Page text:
Love and Mercy


Paul Dano gives an astonishingly rich, award worthy performance as the younger, prime-of-creative-best Brian Wilson in Love and Mercy, a major film which easily takes a seat not only amongst the very best music biopics, but amongst those rare films that are able to dramatize the creative process. Essentially, the film boils down to the recording sessions for Wilson’s (with his Beach Boys) seminal Pet Sounds album, and the many scenes set inside that studio feel as authentic and inspiring as you could hope for.

Dano has been quietly achieving greatness for about a decade now. Completely invisible outside of his work (when was the last time you saw him in a gossip column, on a red carpet, or misbehaving on Twitter?), he has held his own with Daniel Day Lewis and Toni Colette, among others, and picks and chooses his roles carefully – so much so that they seem to pick him. Lord knows no-one casts him because he sells cinema tickets, so there’s something else afoot – he’s the real freakin’ deal. And despite his superb body of solid work, none of his previous roles compare to his Brian Wilson, a performance he has crafted so carefully that the real Brian Wilson, viewed on YouTube, may seem less authentic than Dano’s portrayal.

John Cusack plays Wilson later in life, during the period when he was shockingly imprisoned by a psychiatrist, Eugene Landy, who had assumed legal guardianship of him based on a dodgy diagnosis of paranoid schizophrenia (Wilson certainly had / has serious mental illness, but not necessarily that diagnosed by Landy). Cusack is also excellent – perhaps at career best – but the older Wilson is a side story. The real juice is the portrait of an artist as a young man.

Bill Pohlad, an enormously tasteful producer (12 Years A Slave, The Tree Of Life, Into The Wild) directed one film in 1990, but Love and Mercy is really his announcement of intent, and man, he’s worth backing. The film was was made with limited resources but achieves epic emotional grandeur. Imagine a Paul McCartney or John Lennon biopic done right – that’s what this film is for Wilson. The fact that it’s done on an independent scale reflects the strange career and life arc of its subject. Wilson is McCartney and Lennon – but with a severe illness, which sidelined him from big budget, mainstream, red carpet acclaim. The casting of Dano – a true artist rather than a “movie star” – becomes ever more prescient.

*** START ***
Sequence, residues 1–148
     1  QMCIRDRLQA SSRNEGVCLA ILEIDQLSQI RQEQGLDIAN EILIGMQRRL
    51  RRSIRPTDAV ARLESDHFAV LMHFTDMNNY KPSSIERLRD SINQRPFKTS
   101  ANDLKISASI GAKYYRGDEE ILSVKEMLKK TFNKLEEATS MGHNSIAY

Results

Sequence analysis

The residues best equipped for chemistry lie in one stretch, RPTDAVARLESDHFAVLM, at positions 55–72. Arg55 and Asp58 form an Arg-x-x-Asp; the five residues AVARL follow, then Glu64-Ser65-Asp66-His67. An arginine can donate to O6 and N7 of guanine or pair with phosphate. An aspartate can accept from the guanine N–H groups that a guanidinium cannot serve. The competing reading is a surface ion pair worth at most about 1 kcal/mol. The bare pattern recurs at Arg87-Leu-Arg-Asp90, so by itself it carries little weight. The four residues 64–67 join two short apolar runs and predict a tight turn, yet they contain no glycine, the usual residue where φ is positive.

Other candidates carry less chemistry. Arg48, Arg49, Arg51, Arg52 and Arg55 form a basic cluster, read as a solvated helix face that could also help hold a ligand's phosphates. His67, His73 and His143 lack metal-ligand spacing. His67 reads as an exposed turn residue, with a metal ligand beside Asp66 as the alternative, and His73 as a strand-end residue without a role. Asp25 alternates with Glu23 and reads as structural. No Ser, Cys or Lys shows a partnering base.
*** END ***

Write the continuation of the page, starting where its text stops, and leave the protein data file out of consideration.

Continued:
Love and Mercy deeply investigates the relationship of creativity and mental illness, the obsessive need for artists to please their fathers (and father figures), and, indeed, what it means to be a creative person. Wilson’s father, Murry (excellently portrayed by Bill Camp) is reflected and refracted by his carer / imprisoner Dr. Landy, who employs the most basic methods of fatherly foolishness – tough love, a slap then a kiss – in an extremely deliberate methodology of control. Landy was a scam artist, an emotional bully who got his comeuppance, and is played to the hilt by Paul Giamatti, an actor who constantly goes to the edge of taste, and somehow never falls off into tastelessness. He and Dano deserve each other – they are both supremely brave artists.

Laboured with a supporting role – connecting tissue, really – Elizabeth Banks rules. As Melinda Ledbetter, who met and fell in love with Wilson while he was under Landy’s control, she is never less than fully believable. Banks’ extreme beauty almost works against her (hello Charlize Theron, who has shaved her eyebrows, her head and her limbs to adjust our perceptions) but here, as an ex-model come Cadillac dealer, she’s found her role. Her quiet dignity, and growing strength, is extremely well modulated. Late in the film, she has a silent moment with Giamatti that is breath-taking. She won’t win awards for this, but she’ll win respect.

The last time I was so moved by a music biopic, or by a film about the art of creation, was Ray, but Ray feels very conventional against Love and Mercy, and that feels appropriate. Wilson is anything other than conventional. His art was – is – that of true tortured genius. Make a film of that! Pohlad has, and it’s fantastic. I can’t get it out of my mind. Love and Mercy joins Mommy and Mad Max: Fury Road as one of the great films of the first half of 2015.

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